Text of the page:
Photography Tips: Sunset Silhouettes
Due to so many of my clients requesting beach sessions, I have had the privilege of witnessing some of THE most spectacular sunsets over Lake Michigan. The sky erupts in a glorious splendor of colors, which vary, depending on weather and time of year. I am especially grateful for these opportunities, because, even though my home is a mere 5-minute drive from the lake, chances are I would be too caught up in my own little world to get out there and experience these breathtaking views.
One of my FAVORITE photos to create is the silhouette. There is just something special to me about creating an image in which the main subject is identified by only a black shape, yet somehow still conveys personality. There is no better backdrop for these stunning photos than the sun setting on the shores of Lake Michigan.
Though I have created a few family or husband/wife silhouette images, I particularly like to photograph high school seniors in this style. Most of my seniors have a particular hobby or interest, such as sports or music, which have made for some very dynamic silhouette photos:
Above: f/10 @ 70 mm, 1/250, ISO 800
Below, FYI, this is called a "horn pop", for all you non-wind instrument folks. I learned that during this session after a very embarrassing attempt to explain to this talented girl what I wanted her to do.
Another FYI, I offer making a fool of myself to my clients at absolutely no extra charge.
Above: f/11 @ 50 mm, 1/1000, ISO 500
Above: f/8 @ 55 mm, 1/1000, ISO 200
But if it's not an option to include an item that represents an interest, we try to do something else that is equally unique.
In the photo below, the girls laughed so hard, trying to perform the "right" jump for our image, while holding hands. Seeing them have such a great time was just priceless.
Above: f/8 @ 50 mm, 1/640, ISO 640
The image below was from a particularly awesome senior session in which my client had a very specific beach location in mind. We ended up climbing down the steepest sand dune I've ever set my bare feet upon (don't get me started about the climb back up; I thought I was going to need an ambulance - ha ha!), grabbed some incredible beach photos, and then Hannah announced she was "game" for going in the water. We had a blast "playing mermaid", and then I looked at her gorgeous, long hair and THIS popped into my head:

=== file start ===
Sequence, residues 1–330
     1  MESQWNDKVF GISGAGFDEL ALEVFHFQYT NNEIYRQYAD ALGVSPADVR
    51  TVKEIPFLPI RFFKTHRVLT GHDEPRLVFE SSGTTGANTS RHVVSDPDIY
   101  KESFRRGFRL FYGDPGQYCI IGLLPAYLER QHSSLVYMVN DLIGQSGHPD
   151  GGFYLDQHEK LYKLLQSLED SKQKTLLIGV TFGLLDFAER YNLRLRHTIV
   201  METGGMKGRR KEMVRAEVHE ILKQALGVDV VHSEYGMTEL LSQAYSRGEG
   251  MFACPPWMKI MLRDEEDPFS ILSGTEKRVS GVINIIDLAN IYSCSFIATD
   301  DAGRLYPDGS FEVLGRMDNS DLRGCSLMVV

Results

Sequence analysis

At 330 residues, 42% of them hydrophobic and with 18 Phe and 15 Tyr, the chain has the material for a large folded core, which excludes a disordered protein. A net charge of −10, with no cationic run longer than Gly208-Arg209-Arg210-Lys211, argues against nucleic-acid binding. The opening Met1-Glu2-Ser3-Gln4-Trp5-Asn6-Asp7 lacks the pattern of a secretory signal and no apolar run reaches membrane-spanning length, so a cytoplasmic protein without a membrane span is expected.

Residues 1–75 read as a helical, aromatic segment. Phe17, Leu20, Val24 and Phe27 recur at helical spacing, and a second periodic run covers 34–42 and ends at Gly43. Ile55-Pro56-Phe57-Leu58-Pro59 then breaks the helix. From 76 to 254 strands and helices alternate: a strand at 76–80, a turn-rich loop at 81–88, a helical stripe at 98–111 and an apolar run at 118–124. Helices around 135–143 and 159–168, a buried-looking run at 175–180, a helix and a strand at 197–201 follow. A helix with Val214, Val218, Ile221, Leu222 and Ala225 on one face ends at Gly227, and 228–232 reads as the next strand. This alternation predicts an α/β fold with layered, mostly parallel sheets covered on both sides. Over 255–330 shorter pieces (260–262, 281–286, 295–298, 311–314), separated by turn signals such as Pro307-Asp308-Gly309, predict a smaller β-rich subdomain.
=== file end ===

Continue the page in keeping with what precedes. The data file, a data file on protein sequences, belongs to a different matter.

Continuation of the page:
Above: f/14 @ 50 mm, 1/2500, ISO 500
It took a few tries to nail the timing of the hair flip as well as adjusting my camera settings to achieve the look we were going for, but I had positioned Hannah so that the sun would reflect nicely on the water and I might end up with a little flare. Stepping down to f/14 created the starburst-like sun and corresponding reflections, and a high shutter speed of 1/2500 froze the action of the water spray from her hair. I ended up at ISO 500 in order to leave just enough light on the rest of the scene. LOVE the way this turned out.
And speaking of the sun, it was the session below that inspired me to put that huge, glowing fireball to good use, positioning Kalei so that the setting sun would flare right through her open arm as she played the violin.
Above: f/14 @ 55 mm, 1/400, ISO 500
TIPS FOR SUCCESSFUL SUNSET SILHOUETTE PORTRAITS:
1. Silhouette images require backlighting (light behind your model).
2. Put your model AND the sun both in the frame, using the sun creatively if you wish.
3. Direct your model into an easily distinguishable shape. Limbs should be placed a little distance from the body. (Ex. in the dual-jumper photo, imagine what it would have looked like, had the girls stood straight up and just held hands. You'd be able to discern the outstretched arms, but the bodies would look like two straight poles.)
4. If your silhouette involves action, be sure to communicate to your model the importance of bringing his or her limbs away from the body to create a better form.
5. If you are pre-planning a silhouette shot, direct your model to NOT wear white. While I'm momentarily at a loss of photographic example (sorry!), I do have an image or two that is an interesting silhouette, save for the white shorts, which stand out from the blackened body of my model.
6. My not-so-technical method:
* Turn off your flash! It will defeat the purpose of what you're trying to accomplish.
* Set your aperture to f/8 or above and expose for the sky, since that is what you want to be properly exposed.
* Take a test shot. Continue to adjust aperture, shutter speed, and ISO until the look you want is achieved:
- Subject not dark enough? Step down your aperture.
- Generally too much light in the scene... what's your ISO set to? Shutter speed?
- Motion Blur.... raise shutter speed. No flash = no sync speed to worry about, so crank that dial if you need to.
* Take numerous shots and various settings. Sometimes you don't know until you get home, which you'll prefer.
Seriously... I know there's not a lot of science to this method, but this is what I do! I can't tell you specific settings for what YOU are trying to achieve. You have to have a general understanding of aperture, ISO, and shutter speed and give thought to what it is you are trying to achieve. Take a look at some of my settings (under each photo) and think about which look you like best why those settings might have worked. Do you want a moody, under-exposed look, like the guitar silhouette? A higher shutter speed and low ISO accomplishes this. Do you want a starburst effect from the sun? f/14 accomplished this for me in both the violin and in-the-water shots.
Good luck, and happy shooting!
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